The divergence of opinions regarding the cause of tzara’at suggests that by the time the sages of the Talmud were writing about it, the condition had either disappeared or become exceedingly rare, leading the sages to speculate on its causes. But the persistence of this idea that gossip and tittle-tattle were the main cause of tzara’at is intriguing, especially as the Talmud mentions six other potential causes.

The enigmatic nature of tzara’at leaves us grappling with uncertainties as we attempt to understand exactly what we are meant to learn from it. Why would God choose to punish individuals for a seemingly minor transgression such as engaging in gossip? The notion of quarantine and public humiliation is also puzzling. Why would isolation be the remedy? Why is the destruction of clothes and a person’s home the only solution?

The answer relates to the issue of half-truths vs. whole truths. I vividly recall a classroom discussion during my childhood, and although I can’t remember the exact topic, I do recollect our teacher posing the question, “What is your parents’ greatest source of pleasure?” My hand shot up. Smiling, I confidently responded, “Me, of course!”

But he had a follow-up question: “What’s your parents’ greatest source of pain?” I paused, briefly, and then I smiled again. “Me, of course!” I replied. And I wasn’t lying — although, to be fair, my siblings probably shared this distinction with me. Being the source of pleasure and pain was the whole truth; had I said that I was the source of just one or the other it would have been a half-truth that distorted the picture completely.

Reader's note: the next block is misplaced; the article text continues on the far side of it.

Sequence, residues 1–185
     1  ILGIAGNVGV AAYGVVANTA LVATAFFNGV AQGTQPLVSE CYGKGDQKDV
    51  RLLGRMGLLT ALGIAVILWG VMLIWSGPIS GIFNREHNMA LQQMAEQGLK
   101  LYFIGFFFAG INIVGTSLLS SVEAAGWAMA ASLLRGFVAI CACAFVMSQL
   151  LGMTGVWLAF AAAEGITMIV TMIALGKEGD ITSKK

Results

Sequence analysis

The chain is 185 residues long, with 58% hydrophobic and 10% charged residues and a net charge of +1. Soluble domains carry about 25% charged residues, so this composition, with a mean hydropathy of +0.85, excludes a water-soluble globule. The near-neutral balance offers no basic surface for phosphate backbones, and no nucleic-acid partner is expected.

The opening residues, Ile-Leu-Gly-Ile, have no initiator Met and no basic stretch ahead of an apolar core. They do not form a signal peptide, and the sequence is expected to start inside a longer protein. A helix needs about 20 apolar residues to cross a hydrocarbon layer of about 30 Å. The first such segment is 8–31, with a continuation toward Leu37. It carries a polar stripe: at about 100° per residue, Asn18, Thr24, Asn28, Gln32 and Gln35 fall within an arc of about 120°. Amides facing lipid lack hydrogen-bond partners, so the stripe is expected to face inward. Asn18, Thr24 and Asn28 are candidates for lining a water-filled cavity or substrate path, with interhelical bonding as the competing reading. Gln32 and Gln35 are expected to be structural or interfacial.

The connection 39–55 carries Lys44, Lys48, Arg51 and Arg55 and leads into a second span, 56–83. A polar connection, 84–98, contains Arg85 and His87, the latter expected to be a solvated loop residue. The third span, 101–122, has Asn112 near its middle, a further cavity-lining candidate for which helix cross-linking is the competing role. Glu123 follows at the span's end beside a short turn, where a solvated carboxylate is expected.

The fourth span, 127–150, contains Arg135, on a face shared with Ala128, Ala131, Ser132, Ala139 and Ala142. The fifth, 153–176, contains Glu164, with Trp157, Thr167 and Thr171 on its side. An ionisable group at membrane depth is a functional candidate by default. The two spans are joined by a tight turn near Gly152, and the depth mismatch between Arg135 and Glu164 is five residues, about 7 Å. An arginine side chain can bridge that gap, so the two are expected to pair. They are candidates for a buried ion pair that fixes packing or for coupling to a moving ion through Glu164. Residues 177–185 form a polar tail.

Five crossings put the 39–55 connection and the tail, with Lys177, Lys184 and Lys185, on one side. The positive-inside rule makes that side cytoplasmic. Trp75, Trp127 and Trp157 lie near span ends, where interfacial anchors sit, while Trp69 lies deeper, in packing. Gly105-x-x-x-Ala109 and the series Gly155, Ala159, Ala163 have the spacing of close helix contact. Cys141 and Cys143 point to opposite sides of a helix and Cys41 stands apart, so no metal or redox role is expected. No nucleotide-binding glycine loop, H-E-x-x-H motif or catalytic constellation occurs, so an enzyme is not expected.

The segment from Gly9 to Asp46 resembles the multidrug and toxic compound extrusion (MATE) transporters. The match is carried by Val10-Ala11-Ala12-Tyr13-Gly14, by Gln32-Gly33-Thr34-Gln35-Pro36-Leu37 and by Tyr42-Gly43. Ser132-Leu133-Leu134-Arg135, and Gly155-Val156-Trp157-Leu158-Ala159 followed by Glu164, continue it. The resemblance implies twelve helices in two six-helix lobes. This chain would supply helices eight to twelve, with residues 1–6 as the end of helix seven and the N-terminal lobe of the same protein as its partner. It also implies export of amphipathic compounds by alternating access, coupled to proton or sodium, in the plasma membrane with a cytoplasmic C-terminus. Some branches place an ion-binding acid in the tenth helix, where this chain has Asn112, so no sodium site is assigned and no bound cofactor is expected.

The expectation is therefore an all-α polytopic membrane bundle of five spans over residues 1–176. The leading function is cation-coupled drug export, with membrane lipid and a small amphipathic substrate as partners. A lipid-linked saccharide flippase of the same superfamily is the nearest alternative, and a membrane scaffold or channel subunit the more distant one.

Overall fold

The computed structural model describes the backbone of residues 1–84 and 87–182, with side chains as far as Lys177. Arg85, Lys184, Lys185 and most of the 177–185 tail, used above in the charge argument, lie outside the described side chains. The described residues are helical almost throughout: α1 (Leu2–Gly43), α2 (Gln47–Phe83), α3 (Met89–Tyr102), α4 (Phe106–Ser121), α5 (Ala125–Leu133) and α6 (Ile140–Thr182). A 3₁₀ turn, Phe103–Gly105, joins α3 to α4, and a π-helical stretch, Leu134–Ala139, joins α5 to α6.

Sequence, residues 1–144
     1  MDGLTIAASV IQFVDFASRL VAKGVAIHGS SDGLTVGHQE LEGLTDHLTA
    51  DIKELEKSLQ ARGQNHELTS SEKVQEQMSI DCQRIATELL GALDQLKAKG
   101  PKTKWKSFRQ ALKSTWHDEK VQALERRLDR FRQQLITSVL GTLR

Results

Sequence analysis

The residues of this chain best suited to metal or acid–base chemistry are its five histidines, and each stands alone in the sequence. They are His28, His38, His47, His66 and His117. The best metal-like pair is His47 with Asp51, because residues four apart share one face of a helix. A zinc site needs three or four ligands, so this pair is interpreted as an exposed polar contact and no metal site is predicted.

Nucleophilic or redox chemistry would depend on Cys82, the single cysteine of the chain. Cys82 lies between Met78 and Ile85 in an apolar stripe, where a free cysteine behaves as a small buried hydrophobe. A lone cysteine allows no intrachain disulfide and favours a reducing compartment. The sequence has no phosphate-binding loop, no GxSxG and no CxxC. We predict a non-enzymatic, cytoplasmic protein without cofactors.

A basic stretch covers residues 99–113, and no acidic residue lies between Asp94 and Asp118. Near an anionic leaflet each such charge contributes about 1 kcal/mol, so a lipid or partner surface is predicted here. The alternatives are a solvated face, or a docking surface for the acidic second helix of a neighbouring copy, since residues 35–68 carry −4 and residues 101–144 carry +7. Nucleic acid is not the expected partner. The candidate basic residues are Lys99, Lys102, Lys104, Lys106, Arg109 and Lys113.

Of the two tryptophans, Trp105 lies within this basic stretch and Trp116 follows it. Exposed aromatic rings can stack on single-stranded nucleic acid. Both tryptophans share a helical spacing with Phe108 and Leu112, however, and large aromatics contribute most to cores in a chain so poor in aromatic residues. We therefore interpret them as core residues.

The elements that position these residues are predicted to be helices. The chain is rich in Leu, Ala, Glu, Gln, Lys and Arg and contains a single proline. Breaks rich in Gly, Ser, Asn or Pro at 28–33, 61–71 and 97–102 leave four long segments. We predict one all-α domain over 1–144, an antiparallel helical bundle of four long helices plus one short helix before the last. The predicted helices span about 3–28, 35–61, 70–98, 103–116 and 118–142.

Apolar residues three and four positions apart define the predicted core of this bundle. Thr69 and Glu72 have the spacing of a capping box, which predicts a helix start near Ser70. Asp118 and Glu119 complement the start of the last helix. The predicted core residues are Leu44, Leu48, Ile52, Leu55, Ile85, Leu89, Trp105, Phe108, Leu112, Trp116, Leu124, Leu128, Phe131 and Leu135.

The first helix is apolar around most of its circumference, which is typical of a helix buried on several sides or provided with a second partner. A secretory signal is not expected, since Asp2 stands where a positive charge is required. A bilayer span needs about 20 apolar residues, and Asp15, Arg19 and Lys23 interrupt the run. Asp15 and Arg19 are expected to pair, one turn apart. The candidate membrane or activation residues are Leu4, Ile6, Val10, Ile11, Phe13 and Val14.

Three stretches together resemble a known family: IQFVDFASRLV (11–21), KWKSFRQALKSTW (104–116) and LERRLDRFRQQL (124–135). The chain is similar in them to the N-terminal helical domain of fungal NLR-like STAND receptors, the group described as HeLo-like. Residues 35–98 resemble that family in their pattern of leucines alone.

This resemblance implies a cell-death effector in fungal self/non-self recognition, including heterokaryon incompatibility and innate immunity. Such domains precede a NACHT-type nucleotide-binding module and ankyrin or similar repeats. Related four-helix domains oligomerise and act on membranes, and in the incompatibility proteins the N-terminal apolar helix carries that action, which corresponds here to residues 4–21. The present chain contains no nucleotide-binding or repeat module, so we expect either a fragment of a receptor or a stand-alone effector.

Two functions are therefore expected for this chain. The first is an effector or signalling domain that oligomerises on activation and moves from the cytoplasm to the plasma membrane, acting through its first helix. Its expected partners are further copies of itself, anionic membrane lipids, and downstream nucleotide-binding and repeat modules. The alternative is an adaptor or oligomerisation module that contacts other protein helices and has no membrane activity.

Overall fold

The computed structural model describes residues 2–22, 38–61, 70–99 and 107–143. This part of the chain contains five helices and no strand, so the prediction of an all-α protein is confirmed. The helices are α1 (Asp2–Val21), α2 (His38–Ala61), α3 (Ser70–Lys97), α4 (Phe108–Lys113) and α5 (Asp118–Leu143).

Many aspects of our lives are wonderful, but we are also all plagued by aspects that are distressing and disturbing. Curiously, if we analyze our lives and are brutally honest with ourselves, we might discover that it is often the same thing which causes joy that also causes us distress. Presented one way they are irredeemably negative, but presented in another they can be upliftingly positive. Our personal reality is complex, and life is complicated.

Modern psychology has come to the conclusion that depressed people aren’t lying when they say that there are things in their lives which are bad — it’s just that they fail to appreciate that there is good in their lives as well. And often, the good is in the very same aspects of their lives which they cast in the most negative light.

Society descends into dysfunction when one “truth” is chosen over another without considering the coexistence of multiple truths. This idea is exemplified by tzara’at and its treatment. Tzara’at was an affliction that befell those who refused to acknowledge that good and bad can coexist. They spoke ill of others, perhaps sharing a half-truth about them that cast their target in an entirely negative light without allowing the listener to consider the broader context.

Often, the greatest lie is the truth seen through a narrow lens. The gravest evil is the undermining of complex reality by cherry-picking truths to support or perpetuate a biased viewpoint. A person with tzara’at needs to be removed from society, so that they cannot destroy it, and the tzara’at itself must be destroyed, as a symbol of the destruction created by those who peddle half-truths.

The message of tzara’at is clear: half-truths wreak havoc. They erode the fabric of society, and those who perpetuate them must never be tolerated, or society will fall apart.

The author is a rabbi in Beverly Hills, California.